[Bah Bah black sheep] [Have you any wool?] [Yes, sir, yes, sir] [Three bags full]
[ABCD] [EFG] [HIJK] [LMNOP]


The melody for Bah bah Black Sheep (at least in the 60s) is WAYYY different than Twinkle, Twinkle / ABCs

Clothahump 12-10-2009 11:41 AM

In Trevanian's novel The Eiger Sanction, I got that some of the names were jokes. But it wasn't until the third or fourth read that I caught the fact that Mr. Dragon's first name is Yurasis.

Mister Rik 12-10-2009 03:08 PM

Quote:

Originally Posted by Peter Morris (Post 11871614)
[What you are] and [LMNOP] sound like different tunes to me. I'm not sure how they are the same. But if people who read music tell me they are the same, I'll just have to take their word for it.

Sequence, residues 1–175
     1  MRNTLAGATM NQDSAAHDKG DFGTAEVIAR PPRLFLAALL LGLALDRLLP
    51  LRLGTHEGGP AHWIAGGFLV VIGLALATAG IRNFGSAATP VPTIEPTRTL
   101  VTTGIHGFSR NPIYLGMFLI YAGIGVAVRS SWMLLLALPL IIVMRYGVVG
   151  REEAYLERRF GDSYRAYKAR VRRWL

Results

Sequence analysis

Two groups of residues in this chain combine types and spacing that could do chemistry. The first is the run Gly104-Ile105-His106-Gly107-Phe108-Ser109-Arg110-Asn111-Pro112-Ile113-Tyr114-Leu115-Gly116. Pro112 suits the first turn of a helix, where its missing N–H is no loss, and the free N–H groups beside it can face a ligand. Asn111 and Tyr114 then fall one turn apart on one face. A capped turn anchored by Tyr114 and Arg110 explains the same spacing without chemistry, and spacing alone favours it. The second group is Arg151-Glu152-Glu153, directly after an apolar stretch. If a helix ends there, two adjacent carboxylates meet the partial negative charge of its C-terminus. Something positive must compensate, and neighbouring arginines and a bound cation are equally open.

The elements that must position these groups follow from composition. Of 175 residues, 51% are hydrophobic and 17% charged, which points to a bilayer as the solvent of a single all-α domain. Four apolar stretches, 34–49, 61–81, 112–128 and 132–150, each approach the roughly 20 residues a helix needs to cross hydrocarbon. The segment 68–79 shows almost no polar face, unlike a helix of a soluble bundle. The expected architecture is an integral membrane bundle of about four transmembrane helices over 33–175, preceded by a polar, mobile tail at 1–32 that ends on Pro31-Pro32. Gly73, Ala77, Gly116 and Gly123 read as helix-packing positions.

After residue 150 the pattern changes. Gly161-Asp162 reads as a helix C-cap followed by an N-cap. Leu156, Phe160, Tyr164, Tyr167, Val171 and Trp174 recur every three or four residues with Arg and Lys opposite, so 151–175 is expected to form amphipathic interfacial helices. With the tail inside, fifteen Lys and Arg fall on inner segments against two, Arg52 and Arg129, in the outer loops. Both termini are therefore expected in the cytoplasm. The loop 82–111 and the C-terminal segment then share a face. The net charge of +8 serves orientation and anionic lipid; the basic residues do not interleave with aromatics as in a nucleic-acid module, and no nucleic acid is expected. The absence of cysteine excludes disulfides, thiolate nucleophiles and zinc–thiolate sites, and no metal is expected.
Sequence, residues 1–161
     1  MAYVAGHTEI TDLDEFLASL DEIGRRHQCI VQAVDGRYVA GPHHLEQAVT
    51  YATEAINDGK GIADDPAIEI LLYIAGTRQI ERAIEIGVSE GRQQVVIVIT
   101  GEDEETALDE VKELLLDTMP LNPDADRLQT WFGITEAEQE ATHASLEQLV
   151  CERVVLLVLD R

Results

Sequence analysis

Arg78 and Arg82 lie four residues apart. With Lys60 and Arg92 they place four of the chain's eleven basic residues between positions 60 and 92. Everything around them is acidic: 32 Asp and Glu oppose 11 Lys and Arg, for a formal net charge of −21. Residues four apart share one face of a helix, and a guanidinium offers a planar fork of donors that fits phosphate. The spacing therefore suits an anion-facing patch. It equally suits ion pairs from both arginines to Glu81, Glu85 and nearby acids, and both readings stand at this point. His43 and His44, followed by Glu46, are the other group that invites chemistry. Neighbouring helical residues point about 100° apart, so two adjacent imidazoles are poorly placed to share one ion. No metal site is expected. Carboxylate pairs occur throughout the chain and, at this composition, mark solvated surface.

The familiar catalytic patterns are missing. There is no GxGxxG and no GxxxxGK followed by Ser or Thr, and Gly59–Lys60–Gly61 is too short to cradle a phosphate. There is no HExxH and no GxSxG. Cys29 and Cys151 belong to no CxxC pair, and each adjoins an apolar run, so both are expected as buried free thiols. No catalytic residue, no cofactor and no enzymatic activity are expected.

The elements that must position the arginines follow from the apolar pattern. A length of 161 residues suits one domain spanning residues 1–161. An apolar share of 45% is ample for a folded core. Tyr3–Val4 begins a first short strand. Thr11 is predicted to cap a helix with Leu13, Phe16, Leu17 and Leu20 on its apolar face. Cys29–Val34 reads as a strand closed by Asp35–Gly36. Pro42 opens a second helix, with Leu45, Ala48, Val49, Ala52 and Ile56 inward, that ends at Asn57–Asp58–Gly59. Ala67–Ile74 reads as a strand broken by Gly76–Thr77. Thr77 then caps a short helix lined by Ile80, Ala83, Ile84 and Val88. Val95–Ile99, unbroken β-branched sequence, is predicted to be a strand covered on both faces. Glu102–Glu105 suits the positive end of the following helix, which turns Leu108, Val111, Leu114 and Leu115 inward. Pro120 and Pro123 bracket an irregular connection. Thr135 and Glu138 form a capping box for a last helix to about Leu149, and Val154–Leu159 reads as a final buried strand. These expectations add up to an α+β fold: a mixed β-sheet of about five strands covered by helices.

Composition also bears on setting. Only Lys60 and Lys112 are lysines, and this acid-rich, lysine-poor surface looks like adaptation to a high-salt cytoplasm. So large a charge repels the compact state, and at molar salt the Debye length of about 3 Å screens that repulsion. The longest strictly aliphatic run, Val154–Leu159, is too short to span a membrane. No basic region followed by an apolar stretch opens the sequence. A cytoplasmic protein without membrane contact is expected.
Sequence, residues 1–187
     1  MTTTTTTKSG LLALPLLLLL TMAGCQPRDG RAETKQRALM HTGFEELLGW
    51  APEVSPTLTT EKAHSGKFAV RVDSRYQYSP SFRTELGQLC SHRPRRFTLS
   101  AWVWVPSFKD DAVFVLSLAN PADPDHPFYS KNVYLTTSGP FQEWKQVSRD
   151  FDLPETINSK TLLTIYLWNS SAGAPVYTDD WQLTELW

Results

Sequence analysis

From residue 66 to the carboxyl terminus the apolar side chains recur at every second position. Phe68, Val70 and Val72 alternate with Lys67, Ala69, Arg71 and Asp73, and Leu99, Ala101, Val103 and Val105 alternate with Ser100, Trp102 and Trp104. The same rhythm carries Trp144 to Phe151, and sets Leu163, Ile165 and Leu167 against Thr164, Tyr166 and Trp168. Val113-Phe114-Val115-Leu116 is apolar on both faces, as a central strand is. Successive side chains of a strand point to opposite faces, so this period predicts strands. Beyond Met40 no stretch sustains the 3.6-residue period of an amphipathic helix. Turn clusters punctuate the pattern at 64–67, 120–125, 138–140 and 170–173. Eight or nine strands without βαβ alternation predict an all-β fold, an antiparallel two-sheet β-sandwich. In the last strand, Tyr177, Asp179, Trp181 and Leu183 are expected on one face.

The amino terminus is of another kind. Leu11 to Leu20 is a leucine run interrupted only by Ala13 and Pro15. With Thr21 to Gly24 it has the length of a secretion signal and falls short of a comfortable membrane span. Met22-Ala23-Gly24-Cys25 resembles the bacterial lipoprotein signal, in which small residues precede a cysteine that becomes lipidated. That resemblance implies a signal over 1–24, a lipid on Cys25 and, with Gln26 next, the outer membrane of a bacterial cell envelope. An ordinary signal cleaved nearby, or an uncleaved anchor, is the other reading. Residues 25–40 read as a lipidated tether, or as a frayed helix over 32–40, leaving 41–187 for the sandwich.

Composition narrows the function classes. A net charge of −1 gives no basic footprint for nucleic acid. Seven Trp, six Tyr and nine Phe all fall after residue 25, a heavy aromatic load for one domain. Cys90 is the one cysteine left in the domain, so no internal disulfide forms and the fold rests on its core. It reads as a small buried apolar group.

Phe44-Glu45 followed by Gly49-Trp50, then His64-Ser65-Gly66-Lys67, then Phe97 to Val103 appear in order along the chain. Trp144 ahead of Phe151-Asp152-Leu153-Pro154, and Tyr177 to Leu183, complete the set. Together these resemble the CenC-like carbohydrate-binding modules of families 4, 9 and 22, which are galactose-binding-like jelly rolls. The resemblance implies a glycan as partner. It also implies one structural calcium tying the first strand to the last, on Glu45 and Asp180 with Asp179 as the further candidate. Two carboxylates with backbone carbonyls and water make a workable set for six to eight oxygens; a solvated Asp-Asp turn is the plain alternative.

How about some audio help?

(MP3 format, using a different instrument for each song)

Twinkle, Twinkle Little Star

ABC

Baa Baa Black Sheep

All together now

KneadToKnow 12-10-2009 03:42 PM

I don't think I noticed this one until the last time I watched The Sopranos through, but in season 3, Tony and Ralphie come to blows over a girl Ralphie killed. Before the girl gets killed, Tony and Silvio are talking about her, and Silvio calls her a "thoroughbred."

In season 4, Tony and Ralphie come to blows (for the last time, if you follow my meaning) over a racehorse Ralphie killed.

In retrospect, it seems obvious to me that they had Ralphie's end all planned out way in advance.

Annie-Xmas 12-13-2009 12:26 PM

I have heard and sung the "Jingle Bells, Batman smells" parody about a million times, including Robert Goulet on The Simpsons.

I sang it for a five year old at a tree trimming party yesterday, who informed me that "Robin lays an egg" makes sense because "robins are birds and birds lay eggs."

That thought had never occured to me.

FordTaurusSHO94 12-13-2009 01:06 PM